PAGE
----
The statistics I have seen are from the Journal of Marital and Family Therapy: • Percentage of men who admit to committing infidelity in any relationship they’ve had: 57% • Percentage of women who admit to committing infidelity in any relationship they’ve had: 54% • Percentage of men and women who admit to having an affair with a co-worker: 36% • Average length of an affair: 2 years As if that weren’t enough, they also cite the following: • Percentage of men who say they would have an affair if they knew they would never get caught: 74% • Percentage of women who say they would have an affair if they knew they would never get caught: 68% So what constitutes “serial cheating” in the addictive sense?
Is it simply a pattern of repeated infidelity over time?
According to a study published in the Journal of Personality and Social Psychology: Unethical behavior can trigger positive affect, which we [researchers] term a ‘cheater's high.’Across six studies, we find that even though individuals predict they will feel guilty and have increased levels of negative affect after engaging in unethical behavior, individuals who cheat on different problem-solving tasks consistently experience more positive affect than those who do not.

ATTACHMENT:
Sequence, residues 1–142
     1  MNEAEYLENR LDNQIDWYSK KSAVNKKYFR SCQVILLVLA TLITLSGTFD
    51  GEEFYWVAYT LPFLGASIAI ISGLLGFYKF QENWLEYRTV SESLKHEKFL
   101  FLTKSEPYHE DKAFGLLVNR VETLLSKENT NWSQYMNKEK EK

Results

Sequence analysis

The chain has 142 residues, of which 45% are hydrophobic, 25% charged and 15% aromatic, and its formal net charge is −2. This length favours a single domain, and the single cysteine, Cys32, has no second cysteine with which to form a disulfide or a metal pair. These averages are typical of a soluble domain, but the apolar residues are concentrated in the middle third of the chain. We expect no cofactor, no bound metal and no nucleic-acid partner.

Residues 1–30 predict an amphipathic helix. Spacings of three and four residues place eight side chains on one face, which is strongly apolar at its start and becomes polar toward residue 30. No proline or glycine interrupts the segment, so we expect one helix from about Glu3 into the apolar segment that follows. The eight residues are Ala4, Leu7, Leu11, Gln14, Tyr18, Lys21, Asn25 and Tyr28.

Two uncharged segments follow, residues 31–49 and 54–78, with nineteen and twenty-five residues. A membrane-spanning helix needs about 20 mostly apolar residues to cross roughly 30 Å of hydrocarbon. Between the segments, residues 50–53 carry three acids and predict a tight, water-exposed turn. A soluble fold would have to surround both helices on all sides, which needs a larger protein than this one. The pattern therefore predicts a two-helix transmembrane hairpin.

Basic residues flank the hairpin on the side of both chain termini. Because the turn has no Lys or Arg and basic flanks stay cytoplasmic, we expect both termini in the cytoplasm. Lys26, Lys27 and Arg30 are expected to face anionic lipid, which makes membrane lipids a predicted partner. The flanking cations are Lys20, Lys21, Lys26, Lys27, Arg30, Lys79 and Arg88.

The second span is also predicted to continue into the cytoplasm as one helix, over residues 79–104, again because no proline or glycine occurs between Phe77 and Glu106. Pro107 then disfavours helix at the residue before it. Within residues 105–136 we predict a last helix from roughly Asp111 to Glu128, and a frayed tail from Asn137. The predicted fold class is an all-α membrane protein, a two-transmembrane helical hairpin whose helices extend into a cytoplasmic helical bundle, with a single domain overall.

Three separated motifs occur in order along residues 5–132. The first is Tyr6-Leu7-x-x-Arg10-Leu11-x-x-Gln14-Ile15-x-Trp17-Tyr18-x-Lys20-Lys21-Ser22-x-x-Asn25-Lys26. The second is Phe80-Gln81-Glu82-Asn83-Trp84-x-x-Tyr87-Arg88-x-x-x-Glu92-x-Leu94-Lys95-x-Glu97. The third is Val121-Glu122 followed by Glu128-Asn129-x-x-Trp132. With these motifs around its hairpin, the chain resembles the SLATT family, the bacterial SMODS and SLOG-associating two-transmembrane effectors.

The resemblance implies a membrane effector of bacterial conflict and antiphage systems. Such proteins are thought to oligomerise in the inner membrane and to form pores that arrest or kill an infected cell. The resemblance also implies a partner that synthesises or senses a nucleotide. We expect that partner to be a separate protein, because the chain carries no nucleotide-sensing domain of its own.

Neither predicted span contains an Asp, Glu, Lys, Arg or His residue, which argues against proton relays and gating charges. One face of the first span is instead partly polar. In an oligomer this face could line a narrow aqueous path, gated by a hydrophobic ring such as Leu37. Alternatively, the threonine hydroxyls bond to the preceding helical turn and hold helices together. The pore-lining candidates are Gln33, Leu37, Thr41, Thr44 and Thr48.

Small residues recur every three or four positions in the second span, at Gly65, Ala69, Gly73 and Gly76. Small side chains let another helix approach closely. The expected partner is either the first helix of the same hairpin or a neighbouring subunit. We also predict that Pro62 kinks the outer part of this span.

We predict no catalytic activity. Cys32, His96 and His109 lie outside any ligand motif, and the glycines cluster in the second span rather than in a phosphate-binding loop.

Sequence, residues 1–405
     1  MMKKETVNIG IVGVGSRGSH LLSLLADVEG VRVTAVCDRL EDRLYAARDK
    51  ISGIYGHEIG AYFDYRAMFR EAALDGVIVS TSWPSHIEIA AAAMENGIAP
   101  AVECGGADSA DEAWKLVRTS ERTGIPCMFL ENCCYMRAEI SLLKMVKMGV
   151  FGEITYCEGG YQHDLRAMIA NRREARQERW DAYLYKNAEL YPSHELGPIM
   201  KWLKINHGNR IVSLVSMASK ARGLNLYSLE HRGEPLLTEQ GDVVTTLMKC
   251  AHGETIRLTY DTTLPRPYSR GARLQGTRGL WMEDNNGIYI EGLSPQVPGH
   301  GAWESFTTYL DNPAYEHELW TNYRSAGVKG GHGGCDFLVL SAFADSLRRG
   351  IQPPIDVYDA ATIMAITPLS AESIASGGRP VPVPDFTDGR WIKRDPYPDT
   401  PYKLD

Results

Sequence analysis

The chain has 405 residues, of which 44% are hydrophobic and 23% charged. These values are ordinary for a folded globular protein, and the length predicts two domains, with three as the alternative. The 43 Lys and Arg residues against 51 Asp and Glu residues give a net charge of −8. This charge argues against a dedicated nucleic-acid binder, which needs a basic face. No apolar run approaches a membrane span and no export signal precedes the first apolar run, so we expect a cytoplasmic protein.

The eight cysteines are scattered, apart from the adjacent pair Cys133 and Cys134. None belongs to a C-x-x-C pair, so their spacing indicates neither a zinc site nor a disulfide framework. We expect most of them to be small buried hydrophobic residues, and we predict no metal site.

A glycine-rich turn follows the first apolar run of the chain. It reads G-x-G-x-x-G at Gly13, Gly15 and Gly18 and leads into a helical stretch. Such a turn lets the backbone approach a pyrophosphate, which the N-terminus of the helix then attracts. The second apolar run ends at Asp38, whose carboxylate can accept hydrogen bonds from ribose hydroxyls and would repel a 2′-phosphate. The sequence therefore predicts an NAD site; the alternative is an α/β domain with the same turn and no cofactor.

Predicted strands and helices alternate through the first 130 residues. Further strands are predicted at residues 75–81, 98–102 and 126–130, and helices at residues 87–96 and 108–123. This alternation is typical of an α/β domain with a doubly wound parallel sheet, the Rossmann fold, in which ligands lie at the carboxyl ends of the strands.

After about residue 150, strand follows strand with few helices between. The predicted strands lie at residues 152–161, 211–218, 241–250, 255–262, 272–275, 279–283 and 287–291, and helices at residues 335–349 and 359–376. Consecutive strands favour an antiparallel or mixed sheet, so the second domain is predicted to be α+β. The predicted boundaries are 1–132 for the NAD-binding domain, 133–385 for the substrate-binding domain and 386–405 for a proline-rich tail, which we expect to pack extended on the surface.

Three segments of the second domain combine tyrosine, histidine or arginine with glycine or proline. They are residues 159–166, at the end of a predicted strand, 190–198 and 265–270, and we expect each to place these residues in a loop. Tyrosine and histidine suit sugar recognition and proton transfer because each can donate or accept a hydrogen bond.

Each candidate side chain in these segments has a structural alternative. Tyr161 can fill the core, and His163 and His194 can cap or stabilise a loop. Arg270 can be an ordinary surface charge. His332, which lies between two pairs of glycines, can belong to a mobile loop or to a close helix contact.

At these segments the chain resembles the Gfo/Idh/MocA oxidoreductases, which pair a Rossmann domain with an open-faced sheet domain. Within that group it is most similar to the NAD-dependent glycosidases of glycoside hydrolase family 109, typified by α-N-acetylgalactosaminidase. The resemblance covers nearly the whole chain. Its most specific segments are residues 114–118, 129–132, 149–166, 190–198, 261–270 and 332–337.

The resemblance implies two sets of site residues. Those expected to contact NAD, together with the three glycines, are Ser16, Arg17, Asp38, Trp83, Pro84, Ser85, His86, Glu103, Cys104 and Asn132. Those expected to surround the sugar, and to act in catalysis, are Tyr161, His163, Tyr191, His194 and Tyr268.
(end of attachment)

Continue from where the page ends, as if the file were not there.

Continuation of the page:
Many factors enter into the prognosis for serial cheating such as the characteristics of the cheater, whether the cheating is part of an addiction, the motivation to cheat and the motivation to change.
Cheating in general is so common that it further complicates separating out what is serial cheating and what is just the normal state of affairs (as it were).
He made it crystal clear cheating would result in an F, no exceptions. A close coworker had decided to branch off and form his own business.
He asked my professor to join him, and he offered him a senior-level management position, a comfortable salary and a stake in the company.